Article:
Europe will support Ukraine on the way to the complete reformation of criminal justice. A group of specialists, who participated in the expertise of the new Criminal Procedure Code, and independent experts have already started working within the framework of a two-year project initiated by the Council of Europe. The project was sponsored by the Danish government. Representatives of five countries joined the expert group: Lorena Bachmayer Winter, professor at the Criminal Law and Process Department, the Complutense University (Spain), James Hamilton, president of the International Association of Prosecutors, substitute member of the Venice Commission (Ireland), Mikael Lyngbo, legal expert at the Danish Helsinki Committee for Human Rights (Denmark), Jeremy McBride, barrister, Monckton Chambers, London, chair of the Scientific Committee of the European Union’s Fundamental Rights Agency (Great Britain), and Eric Svanidze, former member of the European Committee for Prevention of Torture and other Cruel, Inhuman or Degrading Treatment or Punishment (Georgia).
The main goal of the project is to increase the effectiveness of the system of criminal justice in Ukraine according to the European standards. The experts think that the adopting of a new CPC will be a significant step towards this goal. However, domestic lawyers have noted multiple times that Ukraine is famous for quality of the legislation: the majority of laws received the highest praise of the Venice Commission, but the level of their application is reversely proportional. The European specialists also stress the importance of applied implementation of the law. Most of them say that the text of the CPC is revolutionary indeed, especially when compared with the old document on regulation of criminal justice. However, there are too many complications when it comes to its practical implementation in the existing conditions.
First of all, the experts draw attention towards the problem of the Code’s legitimacy, which is based on people’s trust in the justice system and support of declared regulations. The experts think that the activity of the mass media, who publish critical reviews of the Code, is negative in this sense: the Code itself is fine.
Besides, there can be difficulties when it comes to staffing according to the newly created system. “It is not the study of the Code’s articles that must be the main point during the specialists’ training, but the understanding of their spirit. A change of mentality is required for the implementation and correct interpretation of the CPC regulations,” McBride emphasized.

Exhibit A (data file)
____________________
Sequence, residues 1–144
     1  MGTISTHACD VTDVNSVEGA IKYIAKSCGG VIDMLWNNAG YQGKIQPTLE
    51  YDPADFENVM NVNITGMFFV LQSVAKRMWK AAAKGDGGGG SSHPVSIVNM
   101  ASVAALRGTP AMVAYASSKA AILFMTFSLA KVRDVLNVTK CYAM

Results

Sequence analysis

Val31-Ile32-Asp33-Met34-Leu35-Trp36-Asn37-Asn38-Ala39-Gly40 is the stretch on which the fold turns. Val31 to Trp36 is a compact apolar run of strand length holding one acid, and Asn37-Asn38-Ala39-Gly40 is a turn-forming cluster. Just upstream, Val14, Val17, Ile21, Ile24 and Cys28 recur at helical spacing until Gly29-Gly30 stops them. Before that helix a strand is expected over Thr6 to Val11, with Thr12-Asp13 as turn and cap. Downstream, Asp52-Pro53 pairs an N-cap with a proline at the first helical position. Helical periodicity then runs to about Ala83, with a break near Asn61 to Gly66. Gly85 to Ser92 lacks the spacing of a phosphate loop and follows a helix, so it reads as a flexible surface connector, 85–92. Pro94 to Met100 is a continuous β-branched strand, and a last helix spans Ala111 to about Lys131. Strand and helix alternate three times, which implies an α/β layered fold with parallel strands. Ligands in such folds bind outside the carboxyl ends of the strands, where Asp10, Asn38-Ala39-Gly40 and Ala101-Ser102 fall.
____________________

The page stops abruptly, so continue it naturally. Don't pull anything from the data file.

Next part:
An important role is assigned to the leader in the process of breaking an existing system, since it is them who will bear responsibility for the implementations of the passed decisions. According to the Europeans, the presence of people who are able to demonstrate strong will-power in this matter is a weak point too.
The employees of the structures to be transformed are not interested in changing the system. For example, the European specialists note that a number of problems of Ukraine’s system of justice are related to the practice of appointment of prosecutors. The experts describe a system in which the candidate for the post of prosecutor general is submitted by the president (for further approval of the Verkhovna Rada), and only the president can dismiss the prosecutor general, as inadequate. Appointments and promotions of judges have also received negative reviews of the European experts. By the way, the new Code provides a certain desacralization of the court. From now on, the main task of the judge will be not the search of truth, but the hearing of the case (the leading role in the investigation of which is given to the prosecutor), considering the evidence, and making decisions.
The last distinct stumbling block on the path of reformation is the need to adopt accompanying laws, especially the law on the prosecutor’s office and on the creation of the State Bureau of Investigation. Such changes should balance the legal system in Ukraine through a distribution of powers and elimination of the possibility of accumulation of resources for one institution to pressurize another.
Group members said they had received requests for assistance from individual institutions. However, they will cooperate more actively in the areas that they defined as problematic because of a lack of understanding of the chosen direction or attempts to circumvent the law. “Some of the main requirements are the understanding of the European Convention on Human Rights and the adaptation of the activity to decisions of the European Court of Human Rights,” Lyngbo stated. Intensive training programs will be carried out within the project. They will provide substantial preparation for judges, prosecutors, and lawyers. According to the European justice standards, the competition between the latter and the prosecution must be transferred to the plane of equal confrontation, where the court’s decision will depend on each side’s level of professionalism.
In conclusion, the experts said that the Criminal Procedure Code provided only legitimate framework for observance of human rights, rule of law, and prevention of selective justice. The implementation of the rules declared and the fair play will depend on the key players in the system. “In general, everything should be done for the law to be properly applied here without permanent transfer of cases to the Strasbourg Court,” said Hamilton, summing up the group’s work.